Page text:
Residents in a part of Plymouth have been warned that they risk receiving fines – or having their car taken away – if they continue to park their vehicles in clearly marked cycles lanes.
Police have delivered hundreds of letters to people living in Billacombe Road and Elburton Road in Plymstock warning them of the parking restrictions in force, but also asking them to fill in a resident’s survey in an attempt to try and resolve continuing parking issues and keep cyclists safe.
PCSO Bob Bayly, of the Plymstock neighbourhood team, said the action followed a number of complaints from cyclists who were fed up with a line of cars parked in the cycle lane which stretches for most of the length of Billacombe Road and Elburton Road, despite the council warning in 2019 it was set to make all new cycle lanes have restrictions to keep them clear of parked vehicles.
He said: “We contacted MPc Justine Lewis, the road casualty reduction officer for Devon & Cornwall and Dorset Police and discussed the issue.
“It would appear that Plymouth City Council changed the cycle lane lines from dotted to a solid white line in many places which results it being deemed an offence to drive a vehicle into a mandatory cycle lane and crossing that white line.
“Effectively, it changed the rules from advisory to compulsory.
“Following discussions with the council it was decided to do a latter drop to all the relevant properties along the two roads explaining that we would be enforcing the parking regulation and that parking in the cycle lanes was not allowed.
“In addition, we’ve added in a survey and return envelope asking whether they have off road parking, whether they use the cycle lane and how often, their concerns about road layout, parking, speeding, impact of parking restrictions on businesses, whether they had been consulted about changes to the road layout, whether they had previously been made aware of the parking changes and what changes they would like to see along the road.
“The survey will be collated by MPc Lewis and we’ll have further discussions with Plymouth City Council as a result.”
The letter sent to residents emphasises that they run the risk of a Fixed Penalty Notice for contravening the traffic signs and signal regulations, adding that it was also an offence to “cause an unnecessary obstruction by parking a vehicle in such a manner as to straddle the lane dividing hatched markings and causing cyclist to manoeuver out into a live traffic lane.
It notes how section 36 of the Road Traffic Act makes it an offence to drive a motor vehicle into a mandatory cycle lane by crossing the solid white line markings and parking there.
It added: “In the last few years, there were 21 recorded collisions along this road, some involving cyclists and police have worked with the local authority to reduce that casualty number. These have been reduced with speed control measures and by implementing the mandatory cycle lanes and this should not now be increasing due to parking issues.”
The letter provided no breakdown of the collisons, one of which PlymouthLive is aware was due to a cyclist riding their bicycle the wrong way along Elburton Road heading towards the city. That cyclist struck a car which was exiting a side road, joining traffic heading away from the city centre. Police were called to the scene and the incident was logged. The driver was not prosecuted and the cyclist was given words of advice about using the correct direction of travel.
The letter, written by MPc Lewis, goes on to warn residents of stiff penalties if they continue to park in the cycle lane.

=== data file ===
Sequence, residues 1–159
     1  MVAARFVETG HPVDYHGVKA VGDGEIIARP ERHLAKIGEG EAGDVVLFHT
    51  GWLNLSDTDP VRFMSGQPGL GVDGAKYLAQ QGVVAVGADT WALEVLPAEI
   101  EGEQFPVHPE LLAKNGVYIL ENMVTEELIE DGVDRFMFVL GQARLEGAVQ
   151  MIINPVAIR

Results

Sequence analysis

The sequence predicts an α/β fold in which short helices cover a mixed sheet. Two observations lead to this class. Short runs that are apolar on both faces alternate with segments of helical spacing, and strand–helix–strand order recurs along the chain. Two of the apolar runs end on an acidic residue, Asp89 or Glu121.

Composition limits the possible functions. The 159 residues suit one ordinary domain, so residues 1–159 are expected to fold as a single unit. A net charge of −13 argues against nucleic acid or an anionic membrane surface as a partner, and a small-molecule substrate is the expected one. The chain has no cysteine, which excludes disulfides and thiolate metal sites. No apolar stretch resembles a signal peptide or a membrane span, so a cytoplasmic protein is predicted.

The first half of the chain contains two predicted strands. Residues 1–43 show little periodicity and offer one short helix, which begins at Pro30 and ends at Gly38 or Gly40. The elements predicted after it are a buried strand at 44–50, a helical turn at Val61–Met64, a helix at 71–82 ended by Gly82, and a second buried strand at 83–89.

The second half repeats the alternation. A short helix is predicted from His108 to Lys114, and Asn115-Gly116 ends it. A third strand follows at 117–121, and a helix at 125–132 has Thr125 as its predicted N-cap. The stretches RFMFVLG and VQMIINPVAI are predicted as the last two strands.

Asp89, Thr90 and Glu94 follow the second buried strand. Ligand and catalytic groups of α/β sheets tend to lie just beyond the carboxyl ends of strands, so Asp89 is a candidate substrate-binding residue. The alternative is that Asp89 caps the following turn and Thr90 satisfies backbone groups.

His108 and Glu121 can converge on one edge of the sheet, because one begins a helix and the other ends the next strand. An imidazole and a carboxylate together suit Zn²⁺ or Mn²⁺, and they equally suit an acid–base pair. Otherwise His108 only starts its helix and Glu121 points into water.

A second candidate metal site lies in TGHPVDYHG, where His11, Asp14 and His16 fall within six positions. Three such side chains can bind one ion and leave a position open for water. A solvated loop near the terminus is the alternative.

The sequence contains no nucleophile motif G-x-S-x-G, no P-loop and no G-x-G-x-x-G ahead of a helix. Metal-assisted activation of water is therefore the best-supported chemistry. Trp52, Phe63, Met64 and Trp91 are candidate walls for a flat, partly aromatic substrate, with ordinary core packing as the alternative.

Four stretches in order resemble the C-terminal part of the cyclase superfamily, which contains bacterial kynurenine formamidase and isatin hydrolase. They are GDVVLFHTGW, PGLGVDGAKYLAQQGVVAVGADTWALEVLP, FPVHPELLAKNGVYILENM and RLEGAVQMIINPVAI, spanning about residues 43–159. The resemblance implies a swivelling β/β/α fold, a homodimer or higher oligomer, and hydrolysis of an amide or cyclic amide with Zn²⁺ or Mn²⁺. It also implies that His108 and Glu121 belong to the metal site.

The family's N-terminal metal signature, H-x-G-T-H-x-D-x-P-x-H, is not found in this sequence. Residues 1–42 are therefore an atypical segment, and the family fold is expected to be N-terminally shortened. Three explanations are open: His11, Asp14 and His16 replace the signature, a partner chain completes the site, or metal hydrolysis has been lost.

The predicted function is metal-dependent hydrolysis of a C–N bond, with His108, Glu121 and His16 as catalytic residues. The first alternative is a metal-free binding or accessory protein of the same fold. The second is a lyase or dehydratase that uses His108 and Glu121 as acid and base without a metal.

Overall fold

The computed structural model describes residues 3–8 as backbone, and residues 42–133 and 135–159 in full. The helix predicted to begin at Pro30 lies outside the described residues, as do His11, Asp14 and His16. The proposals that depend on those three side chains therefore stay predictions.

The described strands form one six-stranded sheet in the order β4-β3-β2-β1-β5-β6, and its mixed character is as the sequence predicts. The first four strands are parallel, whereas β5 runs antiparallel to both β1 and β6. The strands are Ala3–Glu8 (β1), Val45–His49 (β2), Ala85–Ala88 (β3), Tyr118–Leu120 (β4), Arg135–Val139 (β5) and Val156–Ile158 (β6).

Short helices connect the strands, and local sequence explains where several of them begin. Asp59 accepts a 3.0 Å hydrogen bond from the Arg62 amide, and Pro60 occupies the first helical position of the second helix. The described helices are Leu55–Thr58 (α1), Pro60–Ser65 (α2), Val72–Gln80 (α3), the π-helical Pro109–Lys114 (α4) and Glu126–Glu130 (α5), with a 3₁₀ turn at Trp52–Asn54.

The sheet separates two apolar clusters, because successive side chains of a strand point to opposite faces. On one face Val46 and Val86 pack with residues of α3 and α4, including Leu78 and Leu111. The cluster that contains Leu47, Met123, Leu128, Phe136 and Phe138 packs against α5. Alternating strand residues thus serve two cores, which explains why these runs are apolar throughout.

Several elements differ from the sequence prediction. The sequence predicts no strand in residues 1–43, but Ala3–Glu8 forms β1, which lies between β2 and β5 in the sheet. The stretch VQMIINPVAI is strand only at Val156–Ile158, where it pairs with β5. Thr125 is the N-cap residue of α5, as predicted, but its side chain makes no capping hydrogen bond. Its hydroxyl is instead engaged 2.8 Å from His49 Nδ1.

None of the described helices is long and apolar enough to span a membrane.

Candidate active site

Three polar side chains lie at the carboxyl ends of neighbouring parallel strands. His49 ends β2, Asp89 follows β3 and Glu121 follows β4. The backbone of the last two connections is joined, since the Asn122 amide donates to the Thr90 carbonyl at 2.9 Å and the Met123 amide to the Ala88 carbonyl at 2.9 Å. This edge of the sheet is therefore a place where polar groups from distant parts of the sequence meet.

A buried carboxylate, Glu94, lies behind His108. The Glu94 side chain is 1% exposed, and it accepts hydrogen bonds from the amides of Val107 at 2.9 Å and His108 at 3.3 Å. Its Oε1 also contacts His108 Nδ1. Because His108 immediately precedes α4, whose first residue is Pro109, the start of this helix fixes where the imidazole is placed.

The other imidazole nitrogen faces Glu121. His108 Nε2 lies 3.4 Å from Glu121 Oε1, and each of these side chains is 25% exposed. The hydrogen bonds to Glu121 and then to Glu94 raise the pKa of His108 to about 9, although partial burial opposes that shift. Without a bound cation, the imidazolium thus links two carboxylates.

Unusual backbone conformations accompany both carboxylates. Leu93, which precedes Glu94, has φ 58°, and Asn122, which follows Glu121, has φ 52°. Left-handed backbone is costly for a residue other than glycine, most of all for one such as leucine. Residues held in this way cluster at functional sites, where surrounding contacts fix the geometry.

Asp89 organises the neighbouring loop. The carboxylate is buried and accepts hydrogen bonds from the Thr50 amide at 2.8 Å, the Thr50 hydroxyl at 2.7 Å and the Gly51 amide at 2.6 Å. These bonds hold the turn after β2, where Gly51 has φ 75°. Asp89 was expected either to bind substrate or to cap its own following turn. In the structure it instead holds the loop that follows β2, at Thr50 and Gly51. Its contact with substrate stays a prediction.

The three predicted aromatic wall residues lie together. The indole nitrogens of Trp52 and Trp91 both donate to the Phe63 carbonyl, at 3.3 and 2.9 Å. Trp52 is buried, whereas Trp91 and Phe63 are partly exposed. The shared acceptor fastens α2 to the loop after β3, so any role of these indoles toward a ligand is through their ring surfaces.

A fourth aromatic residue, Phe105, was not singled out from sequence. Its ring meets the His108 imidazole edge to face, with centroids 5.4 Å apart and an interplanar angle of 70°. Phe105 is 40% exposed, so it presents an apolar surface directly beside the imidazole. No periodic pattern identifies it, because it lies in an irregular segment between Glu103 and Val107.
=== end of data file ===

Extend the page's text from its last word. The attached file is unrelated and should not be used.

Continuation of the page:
It notes: “We will be actively monitoring and enforcing ongoing issues within this area until a long term solution is reached. On first occasions advice and guidance will be offered and a log made of vehicles.
“Following this, there will be robust action taken regarding vehicles identified who continue to offend, and any found on this carriageway parked in such a manner that is committing an offence will be fined and removed if necessary”.
However, residents are not entirely happy with the move, having already endured over the last few years the road being turned from double-lane to single lane, a reduction in speed from 40mph to 30mph and the entire length of both roads being made subject to average speed cameras.
One resident took to social media to point out that while they have enough off-road parking for their own cars, their visitors – especially elderly ones and relatives with very young children – were left having to park in the road.
They added: “It has always been this way since we purchased the house. The cycle lane used to be a broken white line but whilst we were on holiday last year it was changed to a solid line without any consultation or notification. We phoned the council highways department and was told that whilst the Highway Code says you cannot park on a cycle path, it is not legally enforceable so we could continue to park outside our house.
“Whilst I completely understand that cyclists need safe paths, my husband is a cyclist and feels that this road is very safe because where cars are parked in the path they can use the hatching part of the road safely.
“We have already suggested to the council that they swap the hatched part with the cycle path to allow cars to park by the pavement with enough room for a cycle path also but this does not appear to be considered.
“Our immediate neighbours share our concerns and I was hoping the residents could come together to try to ensure an outcome to this issue which supports both cyclists and residents.”
Another retorted: “I’m also a cyclist and there is more than enough room on that road to accommodate cyclists safety and allow residents to park without the threat of fines. My cynical mind tells me that maybe to there’s an opportunity for another means of raising money as with the 30mph speed limit imposed along that road to pay for these infrastructure changes.”